• \$\begingroup\$ @BrianDrummond - I don't know the gauge of the wire but it is fairly standard stranded ribbon cable, rated for 20A (if I recall). I'm beginning to think I have some sort of electrical interference problem. \$\endgroup\$ – No Grabbing Jun 1 '14 at 12:59
  • \$\begingroup\$ "Osculating" means "touching" or "kissing". That seems improbable. \$\endgroup\$ – Spehro Pefhany Jun 1 '14 at 14:54
  • \$\begingroup\$ @SpehroPefhany - my spellcheck is starved for affection. \$\endgroup\$ – No Grabbing Jun 1 '14 at 15:05
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Interference is unlikely to disrupt a signal powerful enough to drive a stepper, but the resistance of normal ribbon cable is a likely problem. On the other hand, interference from the motor cable could disrupt other circuitry nearby, so some shielding might be called for.

Two experiments:
(1) run both steppers off short cables; they will probably work fine. (If not, give the "far" one its own driver amplifier)

(2) Run thick wire (cross section at least 1mm^2) to the far stepper motor to reduce the resistance in series with the motor. There's not a lot you can do about the extra inductance of the longer cable, but at low speed it's not likely to be such an important factor. This should give reliable operation up to a certain speed; but you may have to reduce the rate on this axis a little compared with the other axes.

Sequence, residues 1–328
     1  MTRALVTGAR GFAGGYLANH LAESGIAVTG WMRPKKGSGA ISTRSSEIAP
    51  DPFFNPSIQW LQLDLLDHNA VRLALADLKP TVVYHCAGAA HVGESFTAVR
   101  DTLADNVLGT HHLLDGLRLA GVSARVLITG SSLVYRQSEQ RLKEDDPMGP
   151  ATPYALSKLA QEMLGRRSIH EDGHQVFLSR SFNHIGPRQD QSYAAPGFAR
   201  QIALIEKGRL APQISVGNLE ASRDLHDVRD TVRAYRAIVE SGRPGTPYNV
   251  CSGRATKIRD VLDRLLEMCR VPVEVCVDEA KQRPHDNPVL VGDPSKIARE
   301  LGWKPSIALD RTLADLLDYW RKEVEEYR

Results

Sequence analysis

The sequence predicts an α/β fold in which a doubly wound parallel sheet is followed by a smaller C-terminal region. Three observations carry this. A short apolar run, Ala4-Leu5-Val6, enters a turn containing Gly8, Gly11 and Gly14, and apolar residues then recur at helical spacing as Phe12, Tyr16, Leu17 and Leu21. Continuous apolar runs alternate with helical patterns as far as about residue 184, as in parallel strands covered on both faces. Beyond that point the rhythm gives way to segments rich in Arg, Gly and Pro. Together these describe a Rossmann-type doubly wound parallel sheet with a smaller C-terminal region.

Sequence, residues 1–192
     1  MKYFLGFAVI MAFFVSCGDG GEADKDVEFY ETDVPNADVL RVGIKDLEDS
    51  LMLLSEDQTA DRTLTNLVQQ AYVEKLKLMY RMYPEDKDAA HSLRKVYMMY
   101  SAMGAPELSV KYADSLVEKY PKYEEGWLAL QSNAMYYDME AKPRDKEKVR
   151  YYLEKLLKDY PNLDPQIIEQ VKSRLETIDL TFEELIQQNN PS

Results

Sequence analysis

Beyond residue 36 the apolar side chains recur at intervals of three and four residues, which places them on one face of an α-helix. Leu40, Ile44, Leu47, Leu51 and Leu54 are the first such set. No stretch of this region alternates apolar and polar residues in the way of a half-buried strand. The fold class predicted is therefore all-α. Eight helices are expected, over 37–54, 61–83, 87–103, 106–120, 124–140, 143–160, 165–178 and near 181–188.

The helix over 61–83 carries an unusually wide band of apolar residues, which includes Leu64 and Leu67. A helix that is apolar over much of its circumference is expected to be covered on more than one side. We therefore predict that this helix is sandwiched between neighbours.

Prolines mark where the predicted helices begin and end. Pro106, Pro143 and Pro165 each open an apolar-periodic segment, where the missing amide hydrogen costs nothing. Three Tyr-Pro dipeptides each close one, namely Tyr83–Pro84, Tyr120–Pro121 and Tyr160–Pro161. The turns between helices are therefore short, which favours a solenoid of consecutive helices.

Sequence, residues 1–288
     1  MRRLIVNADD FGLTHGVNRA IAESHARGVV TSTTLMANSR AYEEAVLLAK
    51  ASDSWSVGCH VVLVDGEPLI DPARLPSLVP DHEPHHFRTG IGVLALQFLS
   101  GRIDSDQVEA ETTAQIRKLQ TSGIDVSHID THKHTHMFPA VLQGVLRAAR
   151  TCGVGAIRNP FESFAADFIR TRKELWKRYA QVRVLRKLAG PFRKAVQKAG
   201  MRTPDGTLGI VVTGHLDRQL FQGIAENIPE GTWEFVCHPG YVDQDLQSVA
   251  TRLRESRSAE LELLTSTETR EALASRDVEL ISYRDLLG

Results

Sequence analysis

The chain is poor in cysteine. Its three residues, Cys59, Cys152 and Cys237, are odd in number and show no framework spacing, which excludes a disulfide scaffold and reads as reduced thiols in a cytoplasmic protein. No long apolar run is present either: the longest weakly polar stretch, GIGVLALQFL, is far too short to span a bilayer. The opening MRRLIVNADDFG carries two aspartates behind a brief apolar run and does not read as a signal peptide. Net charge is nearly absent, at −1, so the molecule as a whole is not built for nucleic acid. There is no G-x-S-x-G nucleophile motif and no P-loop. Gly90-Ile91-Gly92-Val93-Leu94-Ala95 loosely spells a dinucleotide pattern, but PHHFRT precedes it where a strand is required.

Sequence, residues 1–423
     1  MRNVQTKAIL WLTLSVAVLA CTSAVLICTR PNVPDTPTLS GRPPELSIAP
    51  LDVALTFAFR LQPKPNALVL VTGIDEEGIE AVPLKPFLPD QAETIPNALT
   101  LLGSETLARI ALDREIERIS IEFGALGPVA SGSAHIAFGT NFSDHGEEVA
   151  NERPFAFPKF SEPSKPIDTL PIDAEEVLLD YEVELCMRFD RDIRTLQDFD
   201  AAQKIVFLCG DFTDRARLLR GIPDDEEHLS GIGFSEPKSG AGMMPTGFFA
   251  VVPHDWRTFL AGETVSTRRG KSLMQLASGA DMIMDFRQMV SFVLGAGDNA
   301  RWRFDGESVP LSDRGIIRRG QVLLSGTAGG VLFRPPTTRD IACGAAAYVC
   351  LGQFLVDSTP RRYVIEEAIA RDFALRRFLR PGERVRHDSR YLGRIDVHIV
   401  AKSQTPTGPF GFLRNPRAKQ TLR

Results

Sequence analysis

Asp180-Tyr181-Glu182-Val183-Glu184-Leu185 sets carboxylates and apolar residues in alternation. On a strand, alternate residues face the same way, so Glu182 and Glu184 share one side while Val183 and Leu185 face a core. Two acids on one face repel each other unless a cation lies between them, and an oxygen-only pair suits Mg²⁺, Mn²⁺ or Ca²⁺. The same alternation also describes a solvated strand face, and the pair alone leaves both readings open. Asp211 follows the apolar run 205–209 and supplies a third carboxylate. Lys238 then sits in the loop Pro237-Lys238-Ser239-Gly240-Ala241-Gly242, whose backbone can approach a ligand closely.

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  • \$\begingroup\$ thanks - I've got thicker wire on order but I was also looking at my wiring and it occurred to me that I may have wired the motors in series (I've updated the image with the wiring pattern). If this is the case, am I correct in thinking that at speed, the first motor could be draining all the current and cause the second motor to be underpowered? (yes, newbie error but just learning as I go). \$\endgroup\$ – No Grabbing Jun 7 '14 at 17:07
  • \$\begingroup\$ oh! Series operation would certainly do it. I just naturally assumed they would be wired in parallel... Your drawing appears to show parallel operation though. Also check the driver is rated to drive twice the current each motor needs - or give each its own driver. \$\endgroup\$ – Brian Drummond Jun 7 '14 at 17:21
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I'd suggest:

You may have an intermittent connection in the wiring to the far motor. This might be a cold solder joint, or a pinched wire with the insulation holding the two ends more or less together. I don't know how you did your wiring, so I can't say more, except that this sort of thing can be a stone b***h to find.

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  • \$\begingroup\$ Do you have an oscilloscope? If so, monitor the signals to this motor to determine if it's the motor or the wiring to it, or the controller, etc. \$\endgroup\$ – Ryan Griggs Jun 1 '14 at 3:01
  • \$\begingroup\$ Thanks. I was thinking about your comment this morning when I woke up, groaning over trying to track down a failure like that, and it occurred to me that interference could also a factor. Not sure how to test for let alone resolve that. \$\endgroup\$ – No Grabbing Jun 1 '14 at 13:03